Nothing is as usual. Our home is still our castle but it is also a place of confinement. Our friends are still our friends but from at least six feet and six weeks apart. Families are still very much the cornerstone of society. It is now the rule every day, every hour, and in every nook and cranny of home, for three meals or more every 24 hours.
Public and charter schools are still public schools but a school isn’t a place and a classroom isn’t a space without kids and staff. It is this last change, the change in the education of more than 900,000 Minnesota students to which each family must focus their attention.
History tells us that from great challenges can emerge great progress. The COVID-19 pandemic health emergency now gripping our nation is indeed difficult and threatening but it too may hold opportunity for progress. Minnesota has had to implement an online system of teaching and learning for students at all levels.
Prior to the pandemic we could see the emergence of technology in classrooms and we could envision the possible benefits and shortcomings of more far-reaching online learning. It was in the future. But in a few weeks it has gone from a tempered inclusion to being the primary vehicle of delivery for public education.
No one is suggesting that this is an ideal substitute for the education of Minnesota’s students. It isn’t — it’s a substitute in an emergency. It is, however, a chance to learn and test the powers and limitations of the existing technology-based distance learning. Like it or not the experiment is underway and we should fully utilize it and document our experiences.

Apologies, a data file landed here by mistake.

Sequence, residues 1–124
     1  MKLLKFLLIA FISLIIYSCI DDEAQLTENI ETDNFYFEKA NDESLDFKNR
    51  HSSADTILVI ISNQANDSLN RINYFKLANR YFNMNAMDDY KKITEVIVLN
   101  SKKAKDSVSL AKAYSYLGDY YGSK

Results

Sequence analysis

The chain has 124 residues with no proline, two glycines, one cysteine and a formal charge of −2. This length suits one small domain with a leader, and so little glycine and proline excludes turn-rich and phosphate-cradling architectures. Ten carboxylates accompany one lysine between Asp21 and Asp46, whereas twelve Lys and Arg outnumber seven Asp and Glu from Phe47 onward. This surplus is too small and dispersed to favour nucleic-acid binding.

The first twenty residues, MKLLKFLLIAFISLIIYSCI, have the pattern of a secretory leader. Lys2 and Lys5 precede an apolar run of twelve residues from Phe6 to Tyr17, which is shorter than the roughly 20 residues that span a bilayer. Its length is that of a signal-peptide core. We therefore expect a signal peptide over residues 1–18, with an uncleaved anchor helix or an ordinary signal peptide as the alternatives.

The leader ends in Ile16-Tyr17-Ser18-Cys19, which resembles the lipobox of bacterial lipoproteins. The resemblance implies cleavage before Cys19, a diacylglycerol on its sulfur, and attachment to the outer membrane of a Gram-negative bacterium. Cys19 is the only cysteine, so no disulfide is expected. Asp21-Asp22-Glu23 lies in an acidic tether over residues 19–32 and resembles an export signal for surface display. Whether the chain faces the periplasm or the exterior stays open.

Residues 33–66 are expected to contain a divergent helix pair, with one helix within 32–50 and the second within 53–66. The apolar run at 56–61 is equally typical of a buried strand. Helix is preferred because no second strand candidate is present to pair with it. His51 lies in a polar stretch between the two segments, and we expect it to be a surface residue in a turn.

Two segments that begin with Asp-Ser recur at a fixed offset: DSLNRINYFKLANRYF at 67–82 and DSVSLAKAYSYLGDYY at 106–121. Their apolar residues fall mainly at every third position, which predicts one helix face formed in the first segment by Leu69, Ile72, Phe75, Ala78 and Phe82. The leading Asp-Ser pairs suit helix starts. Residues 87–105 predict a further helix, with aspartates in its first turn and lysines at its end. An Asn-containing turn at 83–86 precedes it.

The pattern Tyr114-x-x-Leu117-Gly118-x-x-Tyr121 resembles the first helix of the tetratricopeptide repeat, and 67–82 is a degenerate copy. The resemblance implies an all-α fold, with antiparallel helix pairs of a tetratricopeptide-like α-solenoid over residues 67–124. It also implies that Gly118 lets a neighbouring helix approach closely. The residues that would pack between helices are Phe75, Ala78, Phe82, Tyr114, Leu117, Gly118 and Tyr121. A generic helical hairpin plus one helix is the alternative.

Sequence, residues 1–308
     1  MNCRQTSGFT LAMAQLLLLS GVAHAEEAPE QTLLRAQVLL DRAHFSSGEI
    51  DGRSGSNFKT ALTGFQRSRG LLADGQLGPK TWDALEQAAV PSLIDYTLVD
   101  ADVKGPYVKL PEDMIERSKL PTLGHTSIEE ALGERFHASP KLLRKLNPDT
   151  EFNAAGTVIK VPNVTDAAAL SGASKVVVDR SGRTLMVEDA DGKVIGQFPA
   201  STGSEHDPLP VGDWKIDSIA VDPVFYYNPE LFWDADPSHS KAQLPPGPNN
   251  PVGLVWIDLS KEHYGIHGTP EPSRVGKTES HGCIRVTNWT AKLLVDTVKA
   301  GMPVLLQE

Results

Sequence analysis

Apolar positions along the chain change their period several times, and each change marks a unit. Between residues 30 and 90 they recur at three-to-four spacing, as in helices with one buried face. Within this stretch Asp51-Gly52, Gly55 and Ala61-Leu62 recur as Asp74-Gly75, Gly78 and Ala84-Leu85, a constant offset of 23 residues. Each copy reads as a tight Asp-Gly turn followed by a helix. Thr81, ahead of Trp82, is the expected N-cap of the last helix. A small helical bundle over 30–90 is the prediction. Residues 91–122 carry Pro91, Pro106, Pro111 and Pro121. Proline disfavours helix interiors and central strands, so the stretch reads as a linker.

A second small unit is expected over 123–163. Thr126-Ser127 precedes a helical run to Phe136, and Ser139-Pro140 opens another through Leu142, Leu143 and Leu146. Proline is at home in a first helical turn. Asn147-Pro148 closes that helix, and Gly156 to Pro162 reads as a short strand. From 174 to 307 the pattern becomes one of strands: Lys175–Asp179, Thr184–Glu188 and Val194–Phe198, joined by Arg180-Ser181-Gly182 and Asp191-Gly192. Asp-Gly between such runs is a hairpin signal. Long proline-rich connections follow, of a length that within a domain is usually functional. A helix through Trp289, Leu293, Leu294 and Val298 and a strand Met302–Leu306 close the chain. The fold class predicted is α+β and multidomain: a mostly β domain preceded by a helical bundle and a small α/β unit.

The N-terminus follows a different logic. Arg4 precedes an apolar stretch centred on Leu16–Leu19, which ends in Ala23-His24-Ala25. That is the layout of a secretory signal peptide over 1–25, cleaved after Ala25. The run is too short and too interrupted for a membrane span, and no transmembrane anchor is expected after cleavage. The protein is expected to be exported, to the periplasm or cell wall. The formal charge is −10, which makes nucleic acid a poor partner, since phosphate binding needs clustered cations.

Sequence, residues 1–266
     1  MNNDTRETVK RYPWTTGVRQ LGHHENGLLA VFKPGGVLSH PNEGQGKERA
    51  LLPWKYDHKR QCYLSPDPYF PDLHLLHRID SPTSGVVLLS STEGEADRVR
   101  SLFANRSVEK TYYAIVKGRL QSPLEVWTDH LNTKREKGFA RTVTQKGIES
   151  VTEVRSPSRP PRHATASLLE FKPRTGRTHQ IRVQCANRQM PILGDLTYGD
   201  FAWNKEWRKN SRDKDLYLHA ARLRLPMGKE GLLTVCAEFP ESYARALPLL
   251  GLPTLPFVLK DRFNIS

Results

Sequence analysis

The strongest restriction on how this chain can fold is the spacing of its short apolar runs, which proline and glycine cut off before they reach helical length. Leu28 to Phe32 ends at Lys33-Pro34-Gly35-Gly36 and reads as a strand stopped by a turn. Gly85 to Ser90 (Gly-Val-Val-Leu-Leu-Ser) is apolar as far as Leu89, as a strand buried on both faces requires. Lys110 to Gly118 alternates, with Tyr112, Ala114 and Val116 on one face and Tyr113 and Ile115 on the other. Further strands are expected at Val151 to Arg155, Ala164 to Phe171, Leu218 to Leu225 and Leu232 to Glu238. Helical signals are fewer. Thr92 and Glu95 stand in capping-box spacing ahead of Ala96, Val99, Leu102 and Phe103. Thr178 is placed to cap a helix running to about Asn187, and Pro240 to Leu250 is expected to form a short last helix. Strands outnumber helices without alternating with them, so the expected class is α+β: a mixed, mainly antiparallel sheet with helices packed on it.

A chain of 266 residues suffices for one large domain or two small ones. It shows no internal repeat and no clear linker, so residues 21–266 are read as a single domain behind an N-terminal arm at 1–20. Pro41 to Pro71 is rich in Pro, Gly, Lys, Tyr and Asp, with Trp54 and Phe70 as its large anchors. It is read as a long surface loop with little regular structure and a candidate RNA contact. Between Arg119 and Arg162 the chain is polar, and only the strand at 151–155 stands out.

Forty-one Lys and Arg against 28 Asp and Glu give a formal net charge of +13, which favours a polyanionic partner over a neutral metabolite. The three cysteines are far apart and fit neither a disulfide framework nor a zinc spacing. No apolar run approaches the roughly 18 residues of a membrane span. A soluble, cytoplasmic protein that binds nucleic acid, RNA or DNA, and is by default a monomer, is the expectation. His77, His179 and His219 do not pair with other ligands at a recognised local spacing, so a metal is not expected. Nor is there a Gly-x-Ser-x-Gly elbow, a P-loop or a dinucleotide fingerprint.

Early on we heard of system failures. The technology didn’t function correctly early on the first day. Those issues were soon corrected.
We also question the possible discrimination of students who couldn’t access a computer and areas of the state that may not have the necessary communication networks. We think the feedback from parents and students on this experience is critical to understanding what future distance learning efforts will need at the home level.
What were the demands placed on parents? Many are now required to work from home and left with a new task of minding school-age kids while doing their jobs. It also seems logical that the effectiveness of home-based instruction by computer differs by age and grade level. What are those differences? We have seen examples of subject areas that require a varied approach to online instruction, like music, physical education, laboratory and shop classes. How are these handled?
Most critical to the lessons that we can learn from this experience will be teacher feedback. It would seem critical and opportune to gather teacher assessment and documentation of what was gained and what was lost during these months of online teaching and learning.
Learning is both an individual and a social experience. What is lost when other students are not an immediate part of the class interaction and perhaps more important, the after-class discussion?
Hopefully we won’t again be faced with an emergency learning challenge of this magnitude and duration, but in case we are, let’s learn and prepare now. Let’s also take away from these experiences new applications of techniques that can be a part of mainstream learning program without a crisis.
For many students, especially those of you in your final year, the end is compromised and technology can’t replace it. We do not know how long this ordeal will last. We need to find ways to celebrate your great efforts and we wish you well as you move on. Our communities need to work with our schools to help make that happen.
– An editorial from the Adams ECM Publishers Editorial Board. Reactions welcome. Send to: firstname.lastname@example.org.